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Facebook and Jesus Part 5

By Pastor Philip Howle
web posted March 20, 2013
RELIGION – I have a tricky elbow and vexing ankle. And although I like to work out and run, I have to be careful and stay within a few parameters. If I run too much, I will get a nagging soreness in my ankle. If I lift too heavy, my elbow will start to cry. It is the body I have. I am otherwise healthy, but given the choice, I could deal without having to worry about angering these two parts of my body. You could say I walk on tiptoes to keep them happy.
Now the Bible says that church is a body. It is a great analogy. But as pastor, I know in churches you have plenty of parts of the body that can be troublesome. I mean if you involve yourself in church life, there will be someone who rubs you the wrong way. There will be somebody who you would rather not deal with; somebody who you would love to “un-friend,” and no longer see.
Well the reality of “un-friending” someone only exists in the magical realm of Facebook. God has placed all the people in your church together for a reason. A reason you may not grasp, but each part of that body is there. You are not at luxury to “clean up” your friend list at church.

But in Facebook, you play God. Tim Chester writes that in Facebook “You choose who will be in community with you. You create your own communities of convenience that mean you are never challenged. Or, if you are challenged or relationships become costly, you can just scuttle off to new relationships. As a result, we never grow. We are permanently immature. In cyberspace, no relationship is meaningful and every relationship is expendable. The result is loneliness in the midst of many Facebook ‘friends’. A recent Australian study found that lonely people spend more time on Facebook: ‘One of the most noteworthy findings’, they wrote, ‘was the tendency for neurotic and lonely individuals to spend greater amounts of time on Facebook per day than non-lonely individuals.’”

Facebook also allows you to be big and bad! I routinely witness Facebook conflicts, where people type things about people they would not say to some ones face.  I read this week that “Seventeen per cent of employees in large companies have been reprimanded for words they have written on Facebook.” Facebook allows gossip (excuse me prayer requests) to travel incredibly fast. News of someone’s death can be spread before even immediate family has had the ability to be properly notified.

In the past few years a trend has been for couples at their weading to change their status to “married.” But the sad reality is that Facebook is not great for a marriage. A very alarming trend is Facebook adultery.  I read this week about a lawyer who has dealt with thirty divorce cases in the last year, and Facebook has been implicated in them all.

Tim Chester notes that “Online flirting is leading to real-world relational breakdown. More than a third of UK divorce filings in 2011 contained the word ‘Facebook’. Over 80 per cent of US divorce lawyers say they have seen a rise in divorces involving social networking. K. Jason Krafsky, author of Facebook and Your Marriage, says, ‘Affairs happen with a lightning speed on Facebook.’ Office romances took time to develop, and that meant time to think about what you were doing. Facebook connects us both with old flames and passing contacts whom we might otherwise forget. ‘It puts temptation in the path of people who would never in a million years risk having an affair.’”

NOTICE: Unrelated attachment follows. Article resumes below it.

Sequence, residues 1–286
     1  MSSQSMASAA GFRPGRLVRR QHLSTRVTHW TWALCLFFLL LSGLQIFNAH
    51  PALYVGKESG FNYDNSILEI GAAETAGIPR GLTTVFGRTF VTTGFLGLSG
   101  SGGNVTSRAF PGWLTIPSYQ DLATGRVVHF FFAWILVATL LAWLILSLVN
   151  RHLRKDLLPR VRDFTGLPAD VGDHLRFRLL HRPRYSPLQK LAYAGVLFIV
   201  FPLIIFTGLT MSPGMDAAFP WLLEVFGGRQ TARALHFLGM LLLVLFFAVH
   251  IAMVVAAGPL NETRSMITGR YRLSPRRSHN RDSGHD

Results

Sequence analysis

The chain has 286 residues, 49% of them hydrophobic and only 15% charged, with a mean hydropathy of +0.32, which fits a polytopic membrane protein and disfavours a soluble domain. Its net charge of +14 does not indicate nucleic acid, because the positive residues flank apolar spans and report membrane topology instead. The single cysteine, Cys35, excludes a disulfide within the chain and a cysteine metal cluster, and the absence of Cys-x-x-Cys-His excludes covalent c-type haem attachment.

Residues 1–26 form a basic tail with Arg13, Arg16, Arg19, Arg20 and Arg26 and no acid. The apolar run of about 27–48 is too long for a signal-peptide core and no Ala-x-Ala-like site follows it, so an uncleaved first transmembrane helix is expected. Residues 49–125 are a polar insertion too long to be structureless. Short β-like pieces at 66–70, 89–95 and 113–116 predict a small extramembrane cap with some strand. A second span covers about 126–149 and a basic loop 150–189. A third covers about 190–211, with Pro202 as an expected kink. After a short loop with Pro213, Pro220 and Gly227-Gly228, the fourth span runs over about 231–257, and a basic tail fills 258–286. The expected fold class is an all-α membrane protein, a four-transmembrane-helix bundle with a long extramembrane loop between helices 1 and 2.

Here is my final summation of your use of social media. Please understand that it is powerful. It can be used for good or evil. A razor sharp scalpel in the hands of a skilled surgeon can save lives and do amazing good. A razor sharp scalpel in the hands of my six year old son will only mean disaster.

Proverbs 10:19 says: ‘When words are many, sin is not absent, but he who holds his tongue is wise.’ Facebook does not cause sin, but it can accelerate it because it provides so many ways for words to spread so rapidly.

So in conclusion, I will share the final 12 rules for social media as given by Tim Chester. His little book “Will you be my Facebook friend?” is a great read and worth picking up.

1. Don’t say anything online that you wouldn’t say were the people concerned in the room.
2. Don’t say anything online that you wouldn’t share publicly with your Christian community.
3. Ensure your online world is visible to your offline Christian community.
4. Challenge one another if you think someone’s online self reflects a self-created identity rather than identity in Christ.
5. Challenge one another if you think someone’s online self doesn’t match their offline self.
6. Use social networking to enhance real-world relationships, not to replace them.
7. Don’t let children have unsupervised Internet access or accept as online friends people you don’t know offline.
8. Set limits to the time you spend online and ask someone to hold you accountable to these.
9. Set aside a day a week as a technology ‘Sabbath’ or ‘fast’.
10. Avoid alerts (emails, tweets, texts and so on) that interrupt other activities, especially reading, praying, worshipping, and relating.
11. Ban mobiles from the meal table and the bedroom.
12. Look for opportunities to replace disembodied (online or phone) communication with embodied (face-to-face) communication.

Also, please Facebook or email me (philliphowle@hotmail.com) any ideas you have for our next series. It is a big help and I get grumpy to my proofreader (my wife) when I run out of ideas!  

Pastor Phillip

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